Review copy provided in exchange for an honest review
When I was asked to review Creepy Christmas I realized I’d never heard of a horror themed book coloring book. After reading the synopsis and looking it up on Goodreads I still had no idea how I was going to review this type of book. But Creepy Christmas isn’t just a coloring book. The book it is filled with creepy folklore tales from all over the world and some interesting twists on many traditional themes. The tales told within are cleverly formed as poems with a macabre slant. I had no idea so many myths and creatures existed from so many cultures.
Of course I’d heard of some of the more well-known myths such as Krampus and the Abominable Snowman. Others like the Wendigo, Gryla and the Yule Cat were new to me and all of the topics were interesting looks at Christmas from the horror perspective. The book is filled with black and white illustrations that bring the stories to life. The illustrations are great representations of the creatures. If you’re into coloring you could personalize your copy. I really find the book appealing as a fan of horror and graphic novels.
As a kid we’re told Santa Claus will bring gifts, if you are nice. In Austria if you are bad Krampus will take straight to hell. Many of the myths and much of the lore surrounding Christmas tells us what could happen when you’ve misbehaved. It’s truly better to give than receive and not to complain along the way. Sam Shearon has an interesting take on the history of the Snowman, loved by children everywhere. I love the opening to Creepy Christmas with the following poem.
“Winter comes but once a year Though not a time to live in fear A warning must be given here Be understood and made clear”
I love that snowman here are creepy and there are monsters disguised as caroling singers. Another good story talks about those living in a snow globe and how life is turned on end when we shake it. I learned that Rudolph is Rabid, what a fun twist on a classic story this poem is. Not only are you expected to ‘be nice’ at Christmas but we are expected to remember those no longer with us as we celebrate. The final story, Father Time & Baby New Year, ends with a poem less macabre than most.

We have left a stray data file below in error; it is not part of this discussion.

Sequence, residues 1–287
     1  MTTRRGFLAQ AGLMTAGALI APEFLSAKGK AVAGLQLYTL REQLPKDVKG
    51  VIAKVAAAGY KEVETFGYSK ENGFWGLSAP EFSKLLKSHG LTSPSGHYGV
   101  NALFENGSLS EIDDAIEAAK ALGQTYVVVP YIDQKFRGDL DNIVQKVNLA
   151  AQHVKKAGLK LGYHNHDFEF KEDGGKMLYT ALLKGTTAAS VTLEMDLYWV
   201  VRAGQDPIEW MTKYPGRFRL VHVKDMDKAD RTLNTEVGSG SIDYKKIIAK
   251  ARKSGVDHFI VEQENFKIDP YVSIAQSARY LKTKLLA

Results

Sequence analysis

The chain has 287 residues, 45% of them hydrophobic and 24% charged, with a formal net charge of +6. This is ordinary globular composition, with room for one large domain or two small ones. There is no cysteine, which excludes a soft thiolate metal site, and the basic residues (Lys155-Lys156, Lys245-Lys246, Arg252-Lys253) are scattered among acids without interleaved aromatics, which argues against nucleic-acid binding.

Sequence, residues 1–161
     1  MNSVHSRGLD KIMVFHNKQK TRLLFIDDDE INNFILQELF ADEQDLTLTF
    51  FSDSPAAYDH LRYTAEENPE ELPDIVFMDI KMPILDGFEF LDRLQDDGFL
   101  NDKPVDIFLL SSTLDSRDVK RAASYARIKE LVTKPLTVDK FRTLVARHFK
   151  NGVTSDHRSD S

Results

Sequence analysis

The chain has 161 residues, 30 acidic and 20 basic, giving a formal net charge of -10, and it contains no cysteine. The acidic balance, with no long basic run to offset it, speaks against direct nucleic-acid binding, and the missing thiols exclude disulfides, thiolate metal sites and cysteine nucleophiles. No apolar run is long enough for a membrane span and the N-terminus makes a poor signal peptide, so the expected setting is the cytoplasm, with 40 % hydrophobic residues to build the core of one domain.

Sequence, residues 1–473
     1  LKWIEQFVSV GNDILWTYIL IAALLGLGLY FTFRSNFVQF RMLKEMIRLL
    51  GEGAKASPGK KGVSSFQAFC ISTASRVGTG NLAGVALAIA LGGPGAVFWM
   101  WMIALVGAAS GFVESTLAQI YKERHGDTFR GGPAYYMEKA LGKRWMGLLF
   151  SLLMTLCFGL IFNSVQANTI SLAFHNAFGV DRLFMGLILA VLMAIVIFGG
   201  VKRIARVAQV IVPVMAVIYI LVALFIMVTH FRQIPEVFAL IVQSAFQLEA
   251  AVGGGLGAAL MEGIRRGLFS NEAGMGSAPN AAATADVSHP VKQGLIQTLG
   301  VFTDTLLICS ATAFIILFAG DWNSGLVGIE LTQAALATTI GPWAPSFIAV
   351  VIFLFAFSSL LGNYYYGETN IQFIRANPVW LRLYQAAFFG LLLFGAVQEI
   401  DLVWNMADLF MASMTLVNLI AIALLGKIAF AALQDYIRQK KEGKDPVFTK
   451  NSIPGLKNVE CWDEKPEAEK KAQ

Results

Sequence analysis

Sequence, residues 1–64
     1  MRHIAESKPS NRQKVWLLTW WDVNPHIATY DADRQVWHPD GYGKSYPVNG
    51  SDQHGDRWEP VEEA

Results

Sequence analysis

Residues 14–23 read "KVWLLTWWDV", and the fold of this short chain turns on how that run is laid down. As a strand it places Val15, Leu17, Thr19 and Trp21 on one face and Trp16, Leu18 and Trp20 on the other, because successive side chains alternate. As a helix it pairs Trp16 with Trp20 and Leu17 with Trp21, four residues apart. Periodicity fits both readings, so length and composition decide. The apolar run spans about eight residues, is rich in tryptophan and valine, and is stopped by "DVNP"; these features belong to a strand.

“So remember the fallen, those loved and lost Live your life to the fullest, let sadness be tossed Celebrate that you’re here, raise the dead with a glass Know they’re on the other side, also having a blast”
The long and short of Creepy Christmas is the book was a lot of fun to read leading up to the holidays. As a kid, I would have found these stories more fun to read than the traditional stories I’ve heard dozens of times growing up. This will be a book I revisit again and again over future holiday.
Length: 166 Pages
Publisher: Vesuvian Books
Release date: October 18, 2016
The happiest time of the year is also the creepiest.
Winter has an even darker and richer lore than Halloween. For centuries, people have feared creatures from ancient legends born of this time of year. Tales such as giant hairy monsters who live in the mountains and will snatch you up and eat you were used to ensure children didn’t wander off in the snow and become lost.
These were indeed just stories … or were they?
This festive feast of fear contains 40 original hand-drawn and inked illustrations from a variety of traditional beliefs and legends from around the world, including British, North American, Nordic, Icelandic, Austrian, and Germanic folklore. Mister Sam Shearon’s Creepy Christmas features characters such as Krampus, Grýla, Santa Claws, Rabid Rudolph, the Grimace Tree, the Wendigo, the Snow Bear, the Yule Cat, the Abominable Snowman, and many more. Ready for you to bring to colorful life with fearsome festive cheer, each page is also accompanied with a poem—a guide to these creepy creatures from the season of ice and snow!